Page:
“Canadians have been asked to sacrifice an awful lot over the last year and a half. Quite frankly, it’s a little bit selfish of Prime Minister Trudeau to put us into an election right now with all of the uncertainty. It reeks of entitlement. He doesn’t want to work with the mandate that Canadians gave him less than two years ago to work together in a minority parliament to get things accomplished for Canadians.”

He said the pandemic has exacerbated the issues faced by northern residents, such as crime, gaps in social services and a lack of support for mental health and wellness needs. 

“We’ve talked a lot about mental health supports as we come out of a pandemic. We’ve heard a fair amount about rural crime and some of the challenges that that’s creating for people,” Vidal said. 

There are challenges in many of our communities around gangs and drugs. We’ve heard about a lack of infrastructure and housing. Some of that’s been magnified by the pandemic.”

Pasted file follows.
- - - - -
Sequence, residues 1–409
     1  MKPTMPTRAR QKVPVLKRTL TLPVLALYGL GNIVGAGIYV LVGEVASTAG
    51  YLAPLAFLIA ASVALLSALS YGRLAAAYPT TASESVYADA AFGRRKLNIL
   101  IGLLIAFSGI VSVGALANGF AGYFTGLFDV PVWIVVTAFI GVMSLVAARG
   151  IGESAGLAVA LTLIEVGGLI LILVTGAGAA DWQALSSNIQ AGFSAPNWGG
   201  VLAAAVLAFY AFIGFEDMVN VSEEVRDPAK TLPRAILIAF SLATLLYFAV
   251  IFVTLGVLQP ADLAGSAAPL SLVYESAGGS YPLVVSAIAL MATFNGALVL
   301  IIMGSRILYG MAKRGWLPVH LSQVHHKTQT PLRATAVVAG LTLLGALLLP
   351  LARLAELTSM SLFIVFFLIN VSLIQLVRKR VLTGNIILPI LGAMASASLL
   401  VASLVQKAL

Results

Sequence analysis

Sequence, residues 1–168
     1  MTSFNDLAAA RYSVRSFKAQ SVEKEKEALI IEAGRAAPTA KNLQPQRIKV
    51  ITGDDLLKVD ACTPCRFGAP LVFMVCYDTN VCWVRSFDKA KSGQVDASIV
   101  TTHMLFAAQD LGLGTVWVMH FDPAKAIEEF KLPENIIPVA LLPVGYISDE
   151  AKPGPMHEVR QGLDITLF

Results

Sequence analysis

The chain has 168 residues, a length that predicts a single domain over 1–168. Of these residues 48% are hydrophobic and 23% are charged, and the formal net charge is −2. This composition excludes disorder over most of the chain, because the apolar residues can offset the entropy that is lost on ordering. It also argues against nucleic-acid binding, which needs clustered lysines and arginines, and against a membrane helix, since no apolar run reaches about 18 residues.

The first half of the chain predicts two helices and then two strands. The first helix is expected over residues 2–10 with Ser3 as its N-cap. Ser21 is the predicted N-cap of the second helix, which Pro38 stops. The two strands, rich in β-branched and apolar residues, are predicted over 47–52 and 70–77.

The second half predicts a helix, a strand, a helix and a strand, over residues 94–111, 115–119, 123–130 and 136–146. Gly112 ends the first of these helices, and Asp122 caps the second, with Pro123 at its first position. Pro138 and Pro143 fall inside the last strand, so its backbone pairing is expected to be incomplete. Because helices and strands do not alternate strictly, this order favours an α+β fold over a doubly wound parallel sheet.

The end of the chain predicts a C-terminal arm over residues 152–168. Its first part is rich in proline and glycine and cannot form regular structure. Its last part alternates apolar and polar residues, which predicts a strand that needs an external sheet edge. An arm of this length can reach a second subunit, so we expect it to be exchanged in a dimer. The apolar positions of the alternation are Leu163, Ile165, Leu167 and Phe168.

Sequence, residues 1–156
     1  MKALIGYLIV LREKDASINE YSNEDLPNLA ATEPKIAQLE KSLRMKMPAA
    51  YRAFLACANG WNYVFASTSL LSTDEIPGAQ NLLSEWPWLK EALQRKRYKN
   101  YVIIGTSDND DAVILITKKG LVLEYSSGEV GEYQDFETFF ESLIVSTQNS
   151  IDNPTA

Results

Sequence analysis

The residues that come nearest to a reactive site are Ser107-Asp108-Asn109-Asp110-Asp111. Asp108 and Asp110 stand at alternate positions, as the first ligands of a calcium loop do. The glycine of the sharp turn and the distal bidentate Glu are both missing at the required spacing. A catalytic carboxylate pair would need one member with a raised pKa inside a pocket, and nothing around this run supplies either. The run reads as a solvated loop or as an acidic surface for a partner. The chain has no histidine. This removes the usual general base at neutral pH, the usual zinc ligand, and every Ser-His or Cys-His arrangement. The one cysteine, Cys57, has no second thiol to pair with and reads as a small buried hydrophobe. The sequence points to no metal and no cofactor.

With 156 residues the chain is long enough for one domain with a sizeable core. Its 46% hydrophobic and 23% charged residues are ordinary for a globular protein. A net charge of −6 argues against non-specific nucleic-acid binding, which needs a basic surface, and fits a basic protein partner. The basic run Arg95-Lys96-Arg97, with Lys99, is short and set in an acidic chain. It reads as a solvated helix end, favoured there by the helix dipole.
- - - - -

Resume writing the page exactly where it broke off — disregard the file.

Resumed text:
He said problems getting a homeless shelter funded in the Town La Ronge is one example of people losing out when it comes to funding for services.

In La Ronge, changes to the Indian Act saw shelter clients who were Métis qualifying for First Nations treaty status. As a result they could no longer be funded for shelter during the winter.

When people don’t “fit in a box” he said it leads to “jurisdictional quagmires”  over who will fund services. He said Indigenous Services Minister Marc Miller is aware of the problem.

“One of the challenges we’ve faced throughout the whole pandemic on some of the funding announcements and the money that the government put out there and introduced for many communities is that there were often some people that fell through the cracks,” Vidal said. 

“One of the things that we’ve advocated for is that we need to make sure that these jurisdictional issues don’t leave people literally left out in the cold. We did a lot of that through the National Association of Friendship Centres. 

“So, we need to continue to find solutions to those challenges created by gaps between the federal government, provincial government, municipal, First Nations and Métis locals.”

He said the drought is hurting ranchers from the Meadow Lake area to Paddockwood, Nipawin and north of Prince Albert. Fires, he said, are also impacting residents further north because of the same dry conditions. 

“Ranchers are having to sell off their houses and their breeding stock, which becomes a huge issue when you look at the industry going forward for a long time,” Vidal said.